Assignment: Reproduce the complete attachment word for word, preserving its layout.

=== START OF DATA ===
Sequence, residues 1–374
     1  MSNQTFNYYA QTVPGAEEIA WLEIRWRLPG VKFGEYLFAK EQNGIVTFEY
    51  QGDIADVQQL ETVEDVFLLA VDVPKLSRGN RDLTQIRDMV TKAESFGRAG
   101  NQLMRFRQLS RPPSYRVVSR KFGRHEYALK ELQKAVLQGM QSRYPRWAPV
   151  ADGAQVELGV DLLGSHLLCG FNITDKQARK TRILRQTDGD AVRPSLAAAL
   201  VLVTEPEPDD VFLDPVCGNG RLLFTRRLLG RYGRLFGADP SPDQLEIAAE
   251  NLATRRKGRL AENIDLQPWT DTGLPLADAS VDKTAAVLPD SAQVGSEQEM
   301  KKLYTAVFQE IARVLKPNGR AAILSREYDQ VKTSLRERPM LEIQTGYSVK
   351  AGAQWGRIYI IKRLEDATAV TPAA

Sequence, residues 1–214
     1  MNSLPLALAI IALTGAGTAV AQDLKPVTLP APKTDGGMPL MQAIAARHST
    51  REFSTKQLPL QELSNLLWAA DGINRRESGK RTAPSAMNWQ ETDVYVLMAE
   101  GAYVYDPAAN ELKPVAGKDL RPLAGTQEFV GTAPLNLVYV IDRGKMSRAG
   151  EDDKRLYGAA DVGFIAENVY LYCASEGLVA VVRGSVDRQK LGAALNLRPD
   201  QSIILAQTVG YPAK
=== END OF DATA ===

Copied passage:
Sequence, residues 1–374
     1  MSNQTFNYYA QTVPGAEEIA WLEIRWRLPG VKFGEYLFAK EQNGIVTFEY
    51  QGDIADVQQL ETVEDVFLLA VDVPKLSRGN RDLTQIRDMV TKAESFGRAG
   101  NQLMRFRQLS RPPSYRVVSR KFGRHEYALK ELQKAVLQGM QSRYPRWAPV
   151  ADGAQVELGV DLLGSHLLCG FNITDKQARK TRILRQTDGD AVRPSLAAAL
   201  VLVTEPEPDD VFLDPVCGNG RLLFTRRLLG RYGRLFGADP SPDQLEIAAE
   251  NLATRRKGRL AENIDLQPWT DTGLPLADAS VDKTAAVLPD SAQVGSEQEM
   301  KKLYTAVFQE IARVLKPNGR AAILSREYDQ VKTSLRERPM LEIQTGYSVK
   351  AGAQWGRIYI IKRLEDATAV TPAA

Sequence, residues 1–214
     1  MNSLPLALAI IALTGAGTAV AQDLKPVTLP APKTDGGMPL MQAIAARHST
    51  REFSTKQLPL QELSNLLWAA DGINRRESGK RTAPSAMNWQ ETDVYVLMAE
   101  GAYVYDPAAN ELKPVAGKDL RPLAGTQEFV GTAPLNLVYV IDRGKMSRAG
   151  EDDKRLYGAA DVGFIAENVY LYCASEGLVA VVRGSVDRQK LGAALNLRPD
   201  QSIILAQTVG YPAK